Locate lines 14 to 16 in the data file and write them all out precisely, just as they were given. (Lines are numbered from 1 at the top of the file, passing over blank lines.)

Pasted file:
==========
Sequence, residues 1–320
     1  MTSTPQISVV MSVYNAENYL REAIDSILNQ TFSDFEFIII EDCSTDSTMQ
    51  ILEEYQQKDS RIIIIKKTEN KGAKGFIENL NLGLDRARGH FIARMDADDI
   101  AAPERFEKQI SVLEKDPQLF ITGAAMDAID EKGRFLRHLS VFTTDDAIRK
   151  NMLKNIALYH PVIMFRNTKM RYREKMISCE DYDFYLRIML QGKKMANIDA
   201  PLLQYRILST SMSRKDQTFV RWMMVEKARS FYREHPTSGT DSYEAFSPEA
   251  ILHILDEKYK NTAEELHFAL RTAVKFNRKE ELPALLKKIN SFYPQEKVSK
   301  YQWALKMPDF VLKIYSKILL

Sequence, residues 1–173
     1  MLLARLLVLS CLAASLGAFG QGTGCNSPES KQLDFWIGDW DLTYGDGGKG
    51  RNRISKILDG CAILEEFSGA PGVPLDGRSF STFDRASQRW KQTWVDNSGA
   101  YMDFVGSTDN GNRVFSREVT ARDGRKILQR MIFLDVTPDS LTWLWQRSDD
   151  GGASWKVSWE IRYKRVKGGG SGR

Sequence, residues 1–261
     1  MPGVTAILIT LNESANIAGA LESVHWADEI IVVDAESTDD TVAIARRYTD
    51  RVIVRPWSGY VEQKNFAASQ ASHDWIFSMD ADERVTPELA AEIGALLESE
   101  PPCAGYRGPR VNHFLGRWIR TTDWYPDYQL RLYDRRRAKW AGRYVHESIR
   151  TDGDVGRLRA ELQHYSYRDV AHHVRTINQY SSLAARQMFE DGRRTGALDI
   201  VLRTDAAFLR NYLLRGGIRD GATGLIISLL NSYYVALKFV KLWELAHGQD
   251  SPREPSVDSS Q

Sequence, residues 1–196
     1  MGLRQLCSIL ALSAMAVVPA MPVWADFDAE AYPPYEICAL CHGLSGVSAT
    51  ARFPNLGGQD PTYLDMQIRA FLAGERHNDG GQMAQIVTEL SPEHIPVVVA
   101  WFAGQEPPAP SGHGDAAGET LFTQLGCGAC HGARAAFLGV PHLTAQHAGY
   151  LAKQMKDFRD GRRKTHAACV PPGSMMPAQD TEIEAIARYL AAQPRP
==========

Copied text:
Sequence, residues 1–261
     1  MPGVTAILIT LNESANIAGA LESVHWADEI IVVDAESTDD TVAIARRYTD
    51  RVIVRPWSGY VEQKNFAASQ ASHDWIFSMD ADERVTPELA AEIGALLESE